Each book is between 212 and 252 pages and includes lesson plans, assessments, domain-specific vocabulary, problem-solving tips, Big Idea, Essential Question,  options if primary tech tools not available, posters, reproducibles, samples, tips, enrichments, entry and exit tickets, and teacher preparation. Lessons build on each other kindergarten through 5th grade. Middle School and High School are designed for the grading period time frame typical of those grade levels with topics like programming, robotics, writing an ebook, and community service with tech.

Most (all?) grade levels include base topics of keyboarding, digital citizenship, problem solving, digital tools for the classroom, and coding.

Included are optional student workbooks (sold separately) that allow students to be self-paced, responsible for their own learning. They include required rubrics, exemplars, weekly lessons, full-color images, and more.

The curriculum is used worldwide by public and private schools and homeschoolers.

Who needs this

Tech teachers, tech coordinators, library media specialists, curriculum specialists

Classroom grade level teachers if your tech teacher doesn’t cover basic tech skills.

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tech tips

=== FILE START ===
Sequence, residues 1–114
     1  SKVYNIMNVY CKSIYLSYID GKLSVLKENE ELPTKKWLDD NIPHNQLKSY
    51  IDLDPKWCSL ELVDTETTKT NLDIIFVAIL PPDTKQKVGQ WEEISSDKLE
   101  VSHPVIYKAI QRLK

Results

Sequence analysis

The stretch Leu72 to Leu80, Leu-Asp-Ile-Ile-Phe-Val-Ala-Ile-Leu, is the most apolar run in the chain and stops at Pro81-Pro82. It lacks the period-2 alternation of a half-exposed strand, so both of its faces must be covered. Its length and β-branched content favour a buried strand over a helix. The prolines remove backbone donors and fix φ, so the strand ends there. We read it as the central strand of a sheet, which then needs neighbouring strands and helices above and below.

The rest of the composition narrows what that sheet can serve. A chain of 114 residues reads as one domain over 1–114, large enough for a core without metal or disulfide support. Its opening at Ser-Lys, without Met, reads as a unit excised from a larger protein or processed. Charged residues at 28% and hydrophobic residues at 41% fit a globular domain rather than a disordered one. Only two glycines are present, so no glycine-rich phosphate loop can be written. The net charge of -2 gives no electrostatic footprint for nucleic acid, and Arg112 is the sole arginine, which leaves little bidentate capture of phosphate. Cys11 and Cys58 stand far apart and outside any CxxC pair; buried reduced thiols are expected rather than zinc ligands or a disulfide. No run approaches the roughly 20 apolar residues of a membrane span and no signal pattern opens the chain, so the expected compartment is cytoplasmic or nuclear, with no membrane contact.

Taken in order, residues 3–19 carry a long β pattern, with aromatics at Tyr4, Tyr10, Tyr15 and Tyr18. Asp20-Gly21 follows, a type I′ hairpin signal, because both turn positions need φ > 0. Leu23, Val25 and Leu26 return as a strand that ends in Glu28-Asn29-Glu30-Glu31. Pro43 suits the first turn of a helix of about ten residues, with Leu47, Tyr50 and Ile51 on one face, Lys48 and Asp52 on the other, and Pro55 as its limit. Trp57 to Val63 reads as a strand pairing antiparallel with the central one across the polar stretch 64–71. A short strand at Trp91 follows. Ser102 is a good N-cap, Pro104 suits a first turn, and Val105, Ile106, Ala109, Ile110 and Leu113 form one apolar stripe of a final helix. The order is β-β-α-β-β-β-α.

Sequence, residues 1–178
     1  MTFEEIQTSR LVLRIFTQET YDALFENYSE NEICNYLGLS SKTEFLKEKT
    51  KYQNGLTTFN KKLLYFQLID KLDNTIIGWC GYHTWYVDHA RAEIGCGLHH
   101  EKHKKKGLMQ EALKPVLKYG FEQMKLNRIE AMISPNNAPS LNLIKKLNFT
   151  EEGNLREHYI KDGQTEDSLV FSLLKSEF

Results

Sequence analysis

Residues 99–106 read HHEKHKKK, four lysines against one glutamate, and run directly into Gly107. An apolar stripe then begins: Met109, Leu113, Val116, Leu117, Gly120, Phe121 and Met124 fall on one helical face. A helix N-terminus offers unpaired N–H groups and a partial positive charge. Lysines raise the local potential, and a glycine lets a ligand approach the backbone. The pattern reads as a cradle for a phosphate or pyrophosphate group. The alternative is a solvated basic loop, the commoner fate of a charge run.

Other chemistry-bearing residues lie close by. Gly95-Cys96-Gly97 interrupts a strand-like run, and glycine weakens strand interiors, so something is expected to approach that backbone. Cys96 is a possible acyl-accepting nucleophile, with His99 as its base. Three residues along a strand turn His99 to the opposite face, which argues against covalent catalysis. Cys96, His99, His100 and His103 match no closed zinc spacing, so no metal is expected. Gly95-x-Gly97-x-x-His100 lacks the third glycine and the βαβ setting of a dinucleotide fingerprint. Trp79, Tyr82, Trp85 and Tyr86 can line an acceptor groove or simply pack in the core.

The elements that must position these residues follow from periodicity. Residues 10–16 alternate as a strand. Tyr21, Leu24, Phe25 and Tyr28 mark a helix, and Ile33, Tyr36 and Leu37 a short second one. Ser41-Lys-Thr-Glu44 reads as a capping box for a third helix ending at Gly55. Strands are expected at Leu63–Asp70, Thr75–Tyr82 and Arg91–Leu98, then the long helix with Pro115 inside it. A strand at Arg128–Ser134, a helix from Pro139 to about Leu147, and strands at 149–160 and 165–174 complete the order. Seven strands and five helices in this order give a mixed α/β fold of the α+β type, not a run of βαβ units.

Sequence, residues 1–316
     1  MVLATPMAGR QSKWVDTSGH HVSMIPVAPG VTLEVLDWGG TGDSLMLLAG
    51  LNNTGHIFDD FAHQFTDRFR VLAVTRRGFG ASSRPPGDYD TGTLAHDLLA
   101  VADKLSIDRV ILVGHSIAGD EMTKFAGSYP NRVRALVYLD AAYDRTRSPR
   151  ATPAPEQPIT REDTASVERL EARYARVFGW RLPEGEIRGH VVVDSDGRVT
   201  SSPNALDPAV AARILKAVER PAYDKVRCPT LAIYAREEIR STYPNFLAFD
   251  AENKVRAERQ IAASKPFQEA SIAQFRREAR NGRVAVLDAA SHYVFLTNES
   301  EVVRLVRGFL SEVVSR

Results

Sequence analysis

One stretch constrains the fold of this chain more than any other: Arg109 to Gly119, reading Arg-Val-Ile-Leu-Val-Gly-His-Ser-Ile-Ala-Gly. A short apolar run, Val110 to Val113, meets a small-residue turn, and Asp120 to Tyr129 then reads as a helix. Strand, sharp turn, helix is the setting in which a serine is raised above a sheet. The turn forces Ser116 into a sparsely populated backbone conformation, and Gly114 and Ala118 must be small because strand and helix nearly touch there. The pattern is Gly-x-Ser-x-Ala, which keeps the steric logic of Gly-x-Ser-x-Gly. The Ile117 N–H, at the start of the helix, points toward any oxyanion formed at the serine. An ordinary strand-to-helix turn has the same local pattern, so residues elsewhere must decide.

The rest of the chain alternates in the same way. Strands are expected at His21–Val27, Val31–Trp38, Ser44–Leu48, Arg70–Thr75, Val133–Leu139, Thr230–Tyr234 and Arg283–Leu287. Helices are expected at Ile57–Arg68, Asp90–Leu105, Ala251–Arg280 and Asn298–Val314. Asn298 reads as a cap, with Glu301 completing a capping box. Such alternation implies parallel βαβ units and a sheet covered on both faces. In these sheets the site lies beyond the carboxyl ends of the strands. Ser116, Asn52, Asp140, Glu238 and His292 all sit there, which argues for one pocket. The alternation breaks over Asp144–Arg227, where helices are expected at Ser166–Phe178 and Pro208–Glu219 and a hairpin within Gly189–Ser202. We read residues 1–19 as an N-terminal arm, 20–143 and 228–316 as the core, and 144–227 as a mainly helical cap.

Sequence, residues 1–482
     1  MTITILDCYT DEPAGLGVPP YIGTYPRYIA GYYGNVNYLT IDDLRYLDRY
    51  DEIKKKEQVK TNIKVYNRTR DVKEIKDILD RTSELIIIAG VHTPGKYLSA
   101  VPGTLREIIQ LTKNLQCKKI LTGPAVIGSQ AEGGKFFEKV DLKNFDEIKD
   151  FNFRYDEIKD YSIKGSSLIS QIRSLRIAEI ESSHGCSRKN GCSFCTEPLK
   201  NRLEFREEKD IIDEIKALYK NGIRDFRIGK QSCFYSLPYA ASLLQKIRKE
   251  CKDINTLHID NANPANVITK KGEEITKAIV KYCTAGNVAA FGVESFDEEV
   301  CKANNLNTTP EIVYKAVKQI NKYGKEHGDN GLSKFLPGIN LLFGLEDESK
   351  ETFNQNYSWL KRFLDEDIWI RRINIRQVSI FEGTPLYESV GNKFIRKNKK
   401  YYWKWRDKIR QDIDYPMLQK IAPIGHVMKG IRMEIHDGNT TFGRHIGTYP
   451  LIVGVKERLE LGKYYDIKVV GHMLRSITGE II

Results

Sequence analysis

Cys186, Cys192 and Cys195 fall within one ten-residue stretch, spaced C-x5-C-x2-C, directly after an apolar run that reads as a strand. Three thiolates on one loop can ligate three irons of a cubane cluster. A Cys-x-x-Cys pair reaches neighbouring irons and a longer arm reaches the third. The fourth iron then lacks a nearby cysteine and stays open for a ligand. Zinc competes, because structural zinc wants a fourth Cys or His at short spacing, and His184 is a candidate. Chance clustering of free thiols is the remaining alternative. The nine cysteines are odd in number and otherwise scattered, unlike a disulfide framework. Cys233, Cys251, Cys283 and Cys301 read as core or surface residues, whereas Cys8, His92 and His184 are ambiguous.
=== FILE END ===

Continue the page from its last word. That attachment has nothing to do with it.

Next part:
169 Tech Tip #84 Browser Problem? Switch Browsers

tech tipsIn these 169 tech-centric situations, you get an overview of pedagogy—the tech topics most important to your teaching—as well as practical strategies to address most classroom tech situations, how to scaffold these to learning, and where they provide the subtext to daily tech-infused education.

Today’s tip: Browser Problem? Switch Browsers

Category: Internet

Q: My browser doesn’t bring up stuff? What do I do?

A: The quick answer is: Switch browsers. Sometimes you load programs or system/operating files on your computer that conflict with your current browser. Or, the browser updated conflicts with your older computer set-up. Everything that had been working fine suddenly doesn’t.

Sign up for a new tip each week or buy the entire 169 Real-world Ways to Put Tech into Your Classroom.